As wheat and rice prices surge, the humble potato is
being rediscovered as a nutritious crop that could cheaply
feed an increasingly hungry world.
are native to Peru, can be grown in a wide range of
conditions, at almost any elevation or climate - from
the barren, frigid slopes of the Andes to the tropical
flatlands of Asia.
They require very little water, mature in as little as 50
days and can yield between two and four times more food per
hectare than wheat or rice.
"The recent shocks to the food supply are very real and that
means we could potentially be moving into a reality where
there is not enough food to feed the world" - said Pamela
Anderson, director of the International Potato Centre in Lima,
a non-profit scientific group.
Like others, she says the potato is part of the solution
to the hunger caused by higher food prices, a population that
is growing by one billion people each decade, climbing costs
for fertiliser and diesel and more cropland being sown for
To focus attention on this, the United Nations named 2008
the International Year of the Potato - calling the
vegetable a 'hidden treasure'.
Governments are also turning to the tuber. Peru's leaders,
frustrated by a doubling of wheat prices in the past year,
have started encouraging bakers to use potato flour to make
bread. Potato bread is being given to schoolchildren, prisoners
and the military, in the hope the trend will catch-on.
Supporters say that it tastes just as good, but not enough
mills are set up to make potato flour. "We have to change
people's eating habits" - Ismael Benavides, Peru's agriculture
minister, said. "People got addicted to wheat when it was
Even though the potato emerged in Peru 8,000 years ago near
Lake Titicaca, Peruvians eat fewer potatoes than people in
Europe. Belarus leads the world in consumption, with each
inhabitant devouring an average of 376lb a year.
China, a huge rice consumer that historically has suffered
devastating famines, has become the world's top potato grower,
while in sub-Saharan Africa, the potato is expanding more
than any other crop. India has told food experts it wants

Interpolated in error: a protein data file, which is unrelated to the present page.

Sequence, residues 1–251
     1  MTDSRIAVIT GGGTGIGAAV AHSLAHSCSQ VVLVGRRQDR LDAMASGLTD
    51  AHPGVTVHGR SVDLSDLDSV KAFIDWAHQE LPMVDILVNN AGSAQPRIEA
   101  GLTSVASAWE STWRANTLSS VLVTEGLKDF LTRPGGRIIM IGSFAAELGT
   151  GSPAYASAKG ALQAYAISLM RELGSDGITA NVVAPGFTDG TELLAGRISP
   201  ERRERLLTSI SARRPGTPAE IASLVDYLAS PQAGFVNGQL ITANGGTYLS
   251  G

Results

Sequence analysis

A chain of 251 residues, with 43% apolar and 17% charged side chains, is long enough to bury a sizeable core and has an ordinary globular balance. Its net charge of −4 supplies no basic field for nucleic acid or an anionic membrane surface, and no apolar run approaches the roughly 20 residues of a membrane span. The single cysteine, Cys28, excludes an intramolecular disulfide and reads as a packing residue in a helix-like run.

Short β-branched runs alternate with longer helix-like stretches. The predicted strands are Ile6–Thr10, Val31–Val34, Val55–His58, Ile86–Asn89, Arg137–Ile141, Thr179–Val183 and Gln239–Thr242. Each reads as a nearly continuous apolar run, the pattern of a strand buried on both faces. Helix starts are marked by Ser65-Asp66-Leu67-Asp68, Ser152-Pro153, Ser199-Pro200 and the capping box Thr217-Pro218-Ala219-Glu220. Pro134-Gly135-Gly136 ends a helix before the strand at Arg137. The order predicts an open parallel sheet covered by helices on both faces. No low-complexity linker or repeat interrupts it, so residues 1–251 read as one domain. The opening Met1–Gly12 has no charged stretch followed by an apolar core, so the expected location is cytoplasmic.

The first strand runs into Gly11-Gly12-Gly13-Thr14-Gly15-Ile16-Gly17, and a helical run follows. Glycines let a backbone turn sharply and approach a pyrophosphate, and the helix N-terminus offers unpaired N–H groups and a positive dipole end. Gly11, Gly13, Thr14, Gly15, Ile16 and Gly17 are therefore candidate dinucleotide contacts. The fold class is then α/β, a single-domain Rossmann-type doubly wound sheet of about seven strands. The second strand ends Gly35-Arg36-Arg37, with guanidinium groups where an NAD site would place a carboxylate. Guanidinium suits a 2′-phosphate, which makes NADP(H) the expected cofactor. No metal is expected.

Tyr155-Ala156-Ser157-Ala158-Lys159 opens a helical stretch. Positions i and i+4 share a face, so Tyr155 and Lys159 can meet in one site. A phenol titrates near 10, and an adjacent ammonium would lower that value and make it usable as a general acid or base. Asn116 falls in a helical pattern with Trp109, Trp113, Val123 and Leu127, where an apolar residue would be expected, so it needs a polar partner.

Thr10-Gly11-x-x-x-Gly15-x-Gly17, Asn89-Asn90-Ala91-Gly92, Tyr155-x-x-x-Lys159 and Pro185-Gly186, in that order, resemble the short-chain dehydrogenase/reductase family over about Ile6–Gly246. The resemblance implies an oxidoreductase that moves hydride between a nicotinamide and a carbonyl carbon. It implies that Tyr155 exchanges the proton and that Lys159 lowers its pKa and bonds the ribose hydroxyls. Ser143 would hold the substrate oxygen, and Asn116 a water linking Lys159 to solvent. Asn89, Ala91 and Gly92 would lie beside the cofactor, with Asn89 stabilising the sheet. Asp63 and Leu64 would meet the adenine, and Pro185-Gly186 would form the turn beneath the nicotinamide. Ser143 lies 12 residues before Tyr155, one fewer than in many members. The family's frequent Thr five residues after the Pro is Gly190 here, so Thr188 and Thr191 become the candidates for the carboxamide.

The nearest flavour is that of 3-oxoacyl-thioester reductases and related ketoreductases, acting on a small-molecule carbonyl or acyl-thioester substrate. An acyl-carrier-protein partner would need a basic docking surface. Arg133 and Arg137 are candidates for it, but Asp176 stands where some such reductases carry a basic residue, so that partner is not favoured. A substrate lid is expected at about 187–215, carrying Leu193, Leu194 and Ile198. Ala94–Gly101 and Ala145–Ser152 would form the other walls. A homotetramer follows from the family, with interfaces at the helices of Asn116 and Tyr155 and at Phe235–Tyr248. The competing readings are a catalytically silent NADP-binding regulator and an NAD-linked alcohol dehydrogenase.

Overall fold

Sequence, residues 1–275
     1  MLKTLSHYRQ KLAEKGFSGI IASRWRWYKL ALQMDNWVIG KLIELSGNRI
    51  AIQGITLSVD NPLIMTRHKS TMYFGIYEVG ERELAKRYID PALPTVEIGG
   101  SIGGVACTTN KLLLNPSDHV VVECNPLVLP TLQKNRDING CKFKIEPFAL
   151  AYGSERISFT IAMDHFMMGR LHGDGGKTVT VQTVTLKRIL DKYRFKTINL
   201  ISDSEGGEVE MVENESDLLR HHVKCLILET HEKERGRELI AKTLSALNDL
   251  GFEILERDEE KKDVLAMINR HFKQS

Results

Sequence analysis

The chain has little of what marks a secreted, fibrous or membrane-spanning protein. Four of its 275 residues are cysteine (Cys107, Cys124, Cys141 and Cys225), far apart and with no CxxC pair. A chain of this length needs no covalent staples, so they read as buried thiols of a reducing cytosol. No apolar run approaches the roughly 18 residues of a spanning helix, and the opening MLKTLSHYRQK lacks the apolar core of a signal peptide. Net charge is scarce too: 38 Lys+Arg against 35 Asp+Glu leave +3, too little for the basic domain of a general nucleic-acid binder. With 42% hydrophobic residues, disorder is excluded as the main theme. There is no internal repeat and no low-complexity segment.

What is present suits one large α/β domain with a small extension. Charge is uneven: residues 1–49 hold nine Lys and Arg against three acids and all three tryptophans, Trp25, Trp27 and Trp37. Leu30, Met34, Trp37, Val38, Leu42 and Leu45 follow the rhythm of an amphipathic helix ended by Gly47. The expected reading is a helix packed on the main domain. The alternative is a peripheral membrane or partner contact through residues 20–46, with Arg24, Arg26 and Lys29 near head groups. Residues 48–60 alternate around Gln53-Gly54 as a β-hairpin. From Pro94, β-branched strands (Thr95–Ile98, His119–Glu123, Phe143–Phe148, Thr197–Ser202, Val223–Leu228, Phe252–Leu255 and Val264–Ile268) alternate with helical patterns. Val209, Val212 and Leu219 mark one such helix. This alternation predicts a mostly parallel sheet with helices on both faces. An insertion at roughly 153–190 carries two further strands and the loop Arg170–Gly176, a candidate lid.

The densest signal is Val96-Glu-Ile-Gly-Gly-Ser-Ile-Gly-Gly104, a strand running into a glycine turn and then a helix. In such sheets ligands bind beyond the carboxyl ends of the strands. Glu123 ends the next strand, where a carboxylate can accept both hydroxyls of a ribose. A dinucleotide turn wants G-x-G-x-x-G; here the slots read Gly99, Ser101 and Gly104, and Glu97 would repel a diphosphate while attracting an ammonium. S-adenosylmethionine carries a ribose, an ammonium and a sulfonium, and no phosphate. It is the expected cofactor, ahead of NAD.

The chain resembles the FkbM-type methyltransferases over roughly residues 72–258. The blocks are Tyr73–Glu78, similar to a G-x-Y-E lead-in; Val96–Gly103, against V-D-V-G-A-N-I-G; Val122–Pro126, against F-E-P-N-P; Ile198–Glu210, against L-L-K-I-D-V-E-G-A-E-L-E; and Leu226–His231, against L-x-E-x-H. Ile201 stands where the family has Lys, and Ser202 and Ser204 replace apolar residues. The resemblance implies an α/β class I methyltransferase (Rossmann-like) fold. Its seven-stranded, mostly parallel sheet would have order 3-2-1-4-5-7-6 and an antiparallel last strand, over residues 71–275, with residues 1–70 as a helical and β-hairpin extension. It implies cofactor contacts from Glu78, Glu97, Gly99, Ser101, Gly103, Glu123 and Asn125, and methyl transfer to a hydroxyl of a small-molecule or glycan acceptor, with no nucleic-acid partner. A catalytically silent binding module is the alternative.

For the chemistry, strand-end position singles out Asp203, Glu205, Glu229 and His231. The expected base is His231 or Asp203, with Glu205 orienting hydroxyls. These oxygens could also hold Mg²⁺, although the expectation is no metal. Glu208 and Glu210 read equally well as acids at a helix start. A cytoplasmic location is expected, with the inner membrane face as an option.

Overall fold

to double potato production in the next five to ten years.
In Latvia, sharp price rises caused bread sales to drop by
10 to 15 per cent in January and February, as consumers bought
20 per cent more potatoes.
The developing world is where most new potato crops are being
planted - and, as consumption rises, poor farmers have a chance
to earn more money. "The countries themselves are looking
at the potato as a good option for both food security and
also income generation" - Ms Anderson said.
The potato is already the world's third most-important food
crop after wheat and rice. Potatoes come in some 5,000 types
and Peru is sending thousands of seeds this year to the Doomsday
Vault near the Arctic Circle - contributing to a gene
bank for food crops that was set up in case of a global disaster.
In colours ranging from alabaster white to bright yellow
and deep purple - and, with countless shapes, textures and
sizes - potatoes offer inventive chefs a chance to create
new, eye-catching dishes. The Lima potato centre says they
are a great source of complex carbohydrates, which release
their energy slowly and have only 5 per cent of the fat content
They also have a quarter of the calories of bread and, when
boiled, have more protein than corn and nearly twice the calcium.
They contain vitamin C, iron, potassium and zinc.
Science is moving fast. Genetically modified potatoes that
resist 'late blight' are being developed by the German
chemicals group BASF. 'Late blight' is the disease
that led to famine in Ireland during the 19th century and
still causes about 20 per cent of potato-harvest losses in
the world, the company says.
Scientists say that farmers who use clean, virus-free seeds
can boost yields by 30 per cent and be cleared for export.
That would generate more income for farmers and encourage
more production, as companies could sell speciality potatoes
abroad, instead of just having them turned into frozen chips